That Liverpool allowed him to leave so easily, not to mention cheaply – especially given the high regard that Garcia is held by Benitez – and the fact that his deal was completely separate from the one that should bring Torres to Anfield hint that the rumours that he wanted to move his young family back home were true.
Whatever the reason, he will be missed.
Yet not everyone at Anfield has been appreciative of Garcia. Indeed, there were many more than willing to moan each time he misplaced a pass or tried a bit of trickery that didn’t come off. And of course, he was all that and more. Frustratingly inconsistent, Garcia could not only be anonymous when off form, he was actually a problem with the ease with which he lost possession.
But there was also the other side, when he was on form and giving defenders headaches. Brilliant moves, fantastic talent and one of the few capable of turning the destiny of a game with one move, he was perhaps the most talented individual to put on the red shirt since Steve McManaman. How Liverpool could have used him during the Champions League final when they couldn’t find a way through a stubborn AC Milan defence. As the song went, he had really come from Barca to bring joy.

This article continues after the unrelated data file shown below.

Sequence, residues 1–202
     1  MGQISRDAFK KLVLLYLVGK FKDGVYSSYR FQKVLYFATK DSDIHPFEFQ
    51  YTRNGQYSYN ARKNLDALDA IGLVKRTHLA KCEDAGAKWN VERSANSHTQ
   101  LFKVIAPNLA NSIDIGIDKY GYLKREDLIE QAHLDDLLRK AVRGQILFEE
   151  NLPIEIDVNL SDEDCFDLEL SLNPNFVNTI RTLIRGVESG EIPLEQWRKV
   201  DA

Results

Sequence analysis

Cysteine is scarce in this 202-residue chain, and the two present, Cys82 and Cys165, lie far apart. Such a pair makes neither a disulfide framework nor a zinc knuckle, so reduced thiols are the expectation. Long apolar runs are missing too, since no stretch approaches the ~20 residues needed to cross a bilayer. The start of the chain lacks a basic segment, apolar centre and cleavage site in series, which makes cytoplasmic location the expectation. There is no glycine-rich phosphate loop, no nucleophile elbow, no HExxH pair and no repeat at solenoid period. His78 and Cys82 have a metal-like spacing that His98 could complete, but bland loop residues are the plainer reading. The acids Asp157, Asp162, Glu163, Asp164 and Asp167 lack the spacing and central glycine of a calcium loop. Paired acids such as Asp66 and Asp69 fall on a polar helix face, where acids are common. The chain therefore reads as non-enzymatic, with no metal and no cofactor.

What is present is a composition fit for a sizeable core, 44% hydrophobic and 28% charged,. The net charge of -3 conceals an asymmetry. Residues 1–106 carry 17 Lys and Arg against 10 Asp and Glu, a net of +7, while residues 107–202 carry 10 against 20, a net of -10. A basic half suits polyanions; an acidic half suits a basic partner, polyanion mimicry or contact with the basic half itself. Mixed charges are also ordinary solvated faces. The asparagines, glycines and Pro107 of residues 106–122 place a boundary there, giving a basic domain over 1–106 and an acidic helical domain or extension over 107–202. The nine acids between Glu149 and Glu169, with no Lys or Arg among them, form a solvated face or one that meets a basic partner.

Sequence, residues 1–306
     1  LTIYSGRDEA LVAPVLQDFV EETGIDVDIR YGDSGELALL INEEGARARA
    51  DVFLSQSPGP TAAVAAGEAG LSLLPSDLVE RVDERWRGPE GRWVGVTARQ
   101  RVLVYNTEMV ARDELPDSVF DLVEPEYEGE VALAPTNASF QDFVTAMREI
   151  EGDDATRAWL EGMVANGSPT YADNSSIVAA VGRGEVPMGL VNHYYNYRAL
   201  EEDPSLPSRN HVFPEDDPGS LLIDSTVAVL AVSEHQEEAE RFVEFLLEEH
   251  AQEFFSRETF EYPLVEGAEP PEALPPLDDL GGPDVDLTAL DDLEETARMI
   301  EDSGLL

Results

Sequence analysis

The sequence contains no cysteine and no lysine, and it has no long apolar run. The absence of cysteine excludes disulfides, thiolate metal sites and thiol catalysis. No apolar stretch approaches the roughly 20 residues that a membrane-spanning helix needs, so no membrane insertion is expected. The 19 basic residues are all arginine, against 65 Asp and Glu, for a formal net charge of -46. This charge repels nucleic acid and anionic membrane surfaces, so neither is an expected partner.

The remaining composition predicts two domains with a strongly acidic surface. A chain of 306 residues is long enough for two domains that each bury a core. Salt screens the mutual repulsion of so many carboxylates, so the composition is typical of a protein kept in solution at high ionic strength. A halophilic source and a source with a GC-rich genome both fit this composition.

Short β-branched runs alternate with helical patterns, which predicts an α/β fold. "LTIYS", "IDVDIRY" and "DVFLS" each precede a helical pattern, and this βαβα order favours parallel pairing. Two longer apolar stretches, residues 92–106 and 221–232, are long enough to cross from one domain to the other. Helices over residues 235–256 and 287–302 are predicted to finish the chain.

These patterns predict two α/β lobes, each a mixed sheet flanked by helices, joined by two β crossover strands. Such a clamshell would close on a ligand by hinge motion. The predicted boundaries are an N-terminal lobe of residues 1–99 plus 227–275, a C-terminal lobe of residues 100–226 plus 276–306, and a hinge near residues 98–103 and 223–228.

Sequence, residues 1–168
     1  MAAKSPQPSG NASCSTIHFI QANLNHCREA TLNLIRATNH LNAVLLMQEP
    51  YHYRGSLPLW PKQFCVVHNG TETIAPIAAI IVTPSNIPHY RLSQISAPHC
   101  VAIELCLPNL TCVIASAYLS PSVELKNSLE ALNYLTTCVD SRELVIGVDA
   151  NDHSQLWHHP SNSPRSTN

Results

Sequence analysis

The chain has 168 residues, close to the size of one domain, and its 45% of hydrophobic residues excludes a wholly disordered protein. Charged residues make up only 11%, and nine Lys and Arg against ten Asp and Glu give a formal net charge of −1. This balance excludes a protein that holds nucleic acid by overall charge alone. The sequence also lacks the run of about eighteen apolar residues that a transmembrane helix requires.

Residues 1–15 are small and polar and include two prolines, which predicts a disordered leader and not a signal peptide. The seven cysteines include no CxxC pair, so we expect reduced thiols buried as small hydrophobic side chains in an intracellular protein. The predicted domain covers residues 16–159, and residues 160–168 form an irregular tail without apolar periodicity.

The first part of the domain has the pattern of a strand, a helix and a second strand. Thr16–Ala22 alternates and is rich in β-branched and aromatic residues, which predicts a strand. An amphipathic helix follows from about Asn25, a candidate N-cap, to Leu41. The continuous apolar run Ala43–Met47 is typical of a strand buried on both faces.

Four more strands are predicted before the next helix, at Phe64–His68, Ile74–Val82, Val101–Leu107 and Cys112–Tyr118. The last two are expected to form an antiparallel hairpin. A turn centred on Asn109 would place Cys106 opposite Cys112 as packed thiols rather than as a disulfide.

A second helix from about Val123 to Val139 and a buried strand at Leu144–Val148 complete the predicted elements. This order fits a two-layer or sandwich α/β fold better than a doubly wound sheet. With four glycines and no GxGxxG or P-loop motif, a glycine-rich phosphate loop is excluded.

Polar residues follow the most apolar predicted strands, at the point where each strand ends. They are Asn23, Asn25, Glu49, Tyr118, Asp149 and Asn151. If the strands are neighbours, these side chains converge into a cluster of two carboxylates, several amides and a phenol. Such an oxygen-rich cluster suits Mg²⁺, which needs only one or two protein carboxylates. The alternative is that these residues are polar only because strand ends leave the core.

There were also the goals, over thirty in two and a half season is a great return for a midfielder especially as most of them are of the kind that will be forever etched in Liverpool’s history. His goal against Buffon in the Champions League quarter final or the one, later in the same competition, that according to Mourinho never was. Garcia loved playing, and scoring, against Chelsea and another superb effort during last year’s FA Cup semi-final would make the final cut for the best goals scored in recent years.
Perhaps the saddest aspect of the transfer is that Garcia never got the farewell he deserved from the Anfield crowd, that the sangria song didn’t get one proper final airing. It will do so when the two cross paths again and, whenever that happens, Liverpool’s appreciation for King Luis will be played out.
Monday, July 02, 2007 by Paul Grech
It would seem that Liverpool's scouts have been racking up the airmiles visiting Eastern Europe these past few months. Having signed Hungarian duo Kristian Nemeth and Andras Simon last May and concluded the signing of Bulgarian goalkeeper Nikolay Mihaylov last week, another Bulgarian in the form of Mihail Alexandrov could also be on the way. According to the Echo, the eighteen year old winger who played a couple of games for CSKA Sofia towards the end of last season has apparently already held a medical and could join in the coming days.